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Publication - Professor Clea Warburton

    A critical role for the nucleus reuniens in long-term, but not short-term associative recognition memory formation

    Citation

    Barker, GR & Warburton, EC, 2018, ‘A critical role for the nucleus reuniens in long-term, but not short-term associative recognition memory formation’. Journal of Neuroscience, vol 38., pp. 3208-3217

    Abstract

    Recognition memory for single items requires the perirhinal cortex (PRH), whereas recognition of an item and its associated location requires a functional interaction among the PRH, hippocampus (HPC), and medial prefrontal cortex (mPFC). Although the precise mechanisms through which these interactions are effected are unknown, the nucleus reuniens (NRe) has bidirectional connections with each regions and thus may play a role in recognition memory. Here we investigated, in male rats, whether specific manipulations of NRe function affected performance of recognition memory for single items, object location, or object-in-place associations. Permanent lesions in the NRe significantly impaired long-term, but not short-term, object-in-place associative recognition memory, whereas single item recognition memory and object location memory were unaffected. Temporary inactivation of the NRe during distinct phases of the object-in-place task revealed its importance in both the encoding and retrieval stages of long-term associative recognition memory. Infusions of specific receptor antagonists showed that encoding was dependent on muscarinic and nicotinic cholinergic neurotransmission, whereas NMDA receptor neurotransmission was not required. Finally, we found that long-term object-in-place memory required protein synthesis within the NRe. These data reveal a specific role for the NRe in long-term associative recognition memory through its interactions with the HPC and mPFC, but not the PRH. The delay-dependent involvement of the NRe suggests that it is not a simple relay station between brain regions, but, rather, during high mnemonic demand, facilitates interactions between the mPFC and HPC, a process that requires both cholinergic neurotransmission and protein synthesis.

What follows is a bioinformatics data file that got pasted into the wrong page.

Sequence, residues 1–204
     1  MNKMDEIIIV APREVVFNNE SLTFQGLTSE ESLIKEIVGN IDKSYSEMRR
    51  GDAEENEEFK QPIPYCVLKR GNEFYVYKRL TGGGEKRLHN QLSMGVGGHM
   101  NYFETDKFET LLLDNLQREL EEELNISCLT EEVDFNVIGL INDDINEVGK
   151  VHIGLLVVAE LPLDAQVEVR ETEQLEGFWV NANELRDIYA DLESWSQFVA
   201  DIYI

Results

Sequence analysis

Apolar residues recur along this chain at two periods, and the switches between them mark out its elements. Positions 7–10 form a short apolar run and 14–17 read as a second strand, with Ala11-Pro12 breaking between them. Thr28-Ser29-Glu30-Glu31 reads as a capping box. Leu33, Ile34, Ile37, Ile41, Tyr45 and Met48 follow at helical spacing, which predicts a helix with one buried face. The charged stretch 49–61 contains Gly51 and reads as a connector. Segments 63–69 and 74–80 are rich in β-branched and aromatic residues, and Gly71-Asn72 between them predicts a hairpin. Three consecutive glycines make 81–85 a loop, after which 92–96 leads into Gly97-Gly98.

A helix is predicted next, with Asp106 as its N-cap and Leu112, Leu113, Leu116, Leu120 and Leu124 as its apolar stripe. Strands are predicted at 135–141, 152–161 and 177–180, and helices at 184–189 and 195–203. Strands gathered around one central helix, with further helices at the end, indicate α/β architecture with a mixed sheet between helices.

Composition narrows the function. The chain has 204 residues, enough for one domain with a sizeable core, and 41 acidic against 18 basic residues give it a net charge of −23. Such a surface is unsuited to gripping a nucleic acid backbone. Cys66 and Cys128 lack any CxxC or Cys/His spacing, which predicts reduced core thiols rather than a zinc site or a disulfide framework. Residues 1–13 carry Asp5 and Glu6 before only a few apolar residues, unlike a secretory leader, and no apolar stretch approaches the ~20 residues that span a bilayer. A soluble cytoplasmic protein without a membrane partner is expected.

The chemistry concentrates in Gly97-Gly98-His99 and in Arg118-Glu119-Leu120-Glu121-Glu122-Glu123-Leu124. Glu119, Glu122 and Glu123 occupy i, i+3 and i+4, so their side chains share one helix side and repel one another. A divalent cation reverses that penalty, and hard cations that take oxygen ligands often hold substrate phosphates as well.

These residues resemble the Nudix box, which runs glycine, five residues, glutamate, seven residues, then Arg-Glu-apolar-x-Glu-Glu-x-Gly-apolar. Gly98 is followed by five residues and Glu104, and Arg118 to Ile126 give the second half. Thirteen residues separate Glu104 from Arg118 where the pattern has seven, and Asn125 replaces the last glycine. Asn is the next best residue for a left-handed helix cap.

Full details in the University publications repository